Here’s a nanotech news item from the Financial Express (India) that shows the challenge that developing countries such as India face in their efforts to leapfrog over intermediate levels of technology directly to operating right at the cutting edge:
Indian nanotech firm to move to Singapore
Singapore, November 1: Bangalore-based nanotechnology firm Qtech Nanosystems has decided to transfer its operations as it seeks to utilise the city-state’s R&D infrastructure, strong intellectual property protection regime and venture capitalist funds.
The technology team of the company, which was established in 2004, will shortly relocate to Singapore to manage its Research and Development operations, an Economic Development Board spokesperson said today at the ongoing four-day Global Entropolis, Singapore, 2006.
Qtech is a nanotechnology R&D start-up company that allows mechanical systems to position devices and tools accurately in the nanometre range.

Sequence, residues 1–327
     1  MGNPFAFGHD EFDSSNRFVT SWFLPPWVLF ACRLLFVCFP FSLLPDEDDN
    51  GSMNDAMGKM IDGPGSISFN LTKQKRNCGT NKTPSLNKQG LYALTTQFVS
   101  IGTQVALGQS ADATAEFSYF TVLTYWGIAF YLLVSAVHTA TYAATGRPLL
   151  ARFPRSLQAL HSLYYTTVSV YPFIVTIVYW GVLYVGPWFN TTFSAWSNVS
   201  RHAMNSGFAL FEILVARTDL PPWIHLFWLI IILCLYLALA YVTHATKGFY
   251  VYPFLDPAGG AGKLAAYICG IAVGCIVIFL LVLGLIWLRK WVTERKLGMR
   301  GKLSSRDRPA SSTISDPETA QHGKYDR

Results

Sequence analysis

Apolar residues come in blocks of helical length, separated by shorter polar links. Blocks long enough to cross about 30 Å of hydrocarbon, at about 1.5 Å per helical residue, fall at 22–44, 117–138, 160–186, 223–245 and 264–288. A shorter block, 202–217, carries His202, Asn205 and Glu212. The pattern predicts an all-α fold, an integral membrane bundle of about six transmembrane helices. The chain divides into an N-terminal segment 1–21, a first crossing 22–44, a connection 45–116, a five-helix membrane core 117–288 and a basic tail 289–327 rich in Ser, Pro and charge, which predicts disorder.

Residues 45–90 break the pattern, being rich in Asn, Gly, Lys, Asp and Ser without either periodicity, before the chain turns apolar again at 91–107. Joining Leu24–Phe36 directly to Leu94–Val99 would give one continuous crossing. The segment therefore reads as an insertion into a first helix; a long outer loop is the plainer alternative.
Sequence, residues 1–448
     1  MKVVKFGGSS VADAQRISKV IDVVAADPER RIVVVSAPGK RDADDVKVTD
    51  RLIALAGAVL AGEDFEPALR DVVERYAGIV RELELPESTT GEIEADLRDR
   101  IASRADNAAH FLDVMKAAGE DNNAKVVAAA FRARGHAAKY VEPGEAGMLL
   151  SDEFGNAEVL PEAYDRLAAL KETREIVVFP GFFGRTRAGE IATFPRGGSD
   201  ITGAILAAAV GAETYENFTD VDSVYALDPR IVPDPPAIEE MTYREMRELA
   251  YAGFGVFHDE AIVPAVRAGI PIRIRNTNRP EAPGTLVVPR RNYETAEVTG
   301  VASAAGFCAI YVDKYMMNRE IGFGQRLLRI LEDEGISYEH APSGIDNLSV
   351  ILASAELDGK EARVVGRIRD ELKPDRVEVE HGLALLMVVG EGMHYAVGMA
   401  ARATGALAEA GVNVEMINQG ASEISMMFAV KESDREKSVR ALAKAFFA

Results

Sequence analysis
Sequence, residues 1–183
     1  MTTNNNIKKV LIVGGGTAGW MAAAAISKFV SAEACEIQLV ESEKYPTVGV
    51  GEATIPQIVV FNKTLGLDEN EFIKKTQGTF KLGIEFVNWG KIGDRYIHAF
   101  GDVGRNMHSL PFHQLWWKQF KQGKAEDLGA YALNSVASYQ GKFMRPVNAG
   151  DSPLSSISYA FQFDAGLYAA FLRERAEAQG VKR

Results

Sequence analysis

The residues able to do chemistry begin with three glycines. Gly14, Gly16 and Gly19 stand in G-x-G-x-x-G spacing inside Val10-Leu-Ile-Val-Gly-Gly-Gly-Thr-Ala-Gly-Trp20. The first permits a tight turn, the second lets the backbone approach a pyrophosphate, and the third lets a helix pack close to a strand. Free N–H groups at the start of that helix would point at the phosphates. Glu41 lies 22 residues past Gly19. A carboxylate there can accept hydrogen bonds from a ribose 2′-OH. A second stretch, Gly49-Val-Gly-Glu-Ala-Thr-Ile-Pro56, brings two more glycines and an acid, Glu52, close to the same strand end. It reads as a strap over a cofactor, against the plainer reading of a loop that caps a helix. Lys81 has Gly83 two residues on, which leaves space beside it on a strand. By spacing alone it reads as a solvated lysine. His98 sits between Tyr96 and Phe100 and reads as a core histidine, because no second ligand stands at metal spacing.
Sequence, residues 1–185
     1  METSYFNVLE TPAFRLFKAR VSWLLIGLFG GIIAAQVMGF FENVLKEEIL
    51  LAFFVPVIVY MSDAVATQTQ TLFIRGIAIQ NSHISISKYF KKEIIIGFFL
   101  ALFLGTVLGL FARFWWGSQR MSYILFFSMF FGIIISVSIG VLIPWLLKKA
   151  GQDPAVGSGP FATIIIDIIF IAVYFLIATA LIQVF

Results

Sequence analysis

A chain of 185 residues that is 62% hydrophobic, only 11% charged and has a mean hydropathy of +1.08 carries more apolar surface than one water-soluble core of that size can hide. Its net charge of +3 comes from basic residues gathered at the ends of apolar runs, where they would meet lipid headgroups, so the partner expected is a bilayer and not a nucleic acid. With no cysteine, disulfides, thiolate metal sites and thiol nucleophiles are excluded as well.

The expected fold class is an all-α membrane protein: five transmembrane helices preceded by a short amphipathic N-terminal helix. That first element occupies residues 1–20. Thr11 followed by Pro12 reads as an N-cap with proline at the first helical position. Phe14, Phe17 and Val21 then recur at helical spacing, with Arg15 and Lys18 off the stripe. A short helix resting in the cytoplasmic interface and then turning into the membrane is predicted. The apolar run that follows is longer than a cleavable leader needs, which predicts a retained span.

The company, which won an award from India’s Council for Scientific and Industrial Research (CSIR) for its work in nanotechnology, has plans to penetrate various markets like defence and semiconductors.
Besides Qtech, two other nanotechnology companies–Atomistix Asia Pacific from Denmark and Quantum Precision Instruments Asia, Australia–have shown interest to develop and expand their business in Singapore.
And these aren’t the only nanotech firms considering locating in Singapore, which is very serious about being a leader in the field and can offer attractive terms to companies it wishes to lure. It’s hard to blame the company for doing what makes business sense, and hard to blame Singapore for doing what they see as being in the country’s best interest, but it seems a shame that India should lose out.
This isn’t just any nanotech startup: they have a molecular gear graphic on their homepage, indicating some vision. —Christine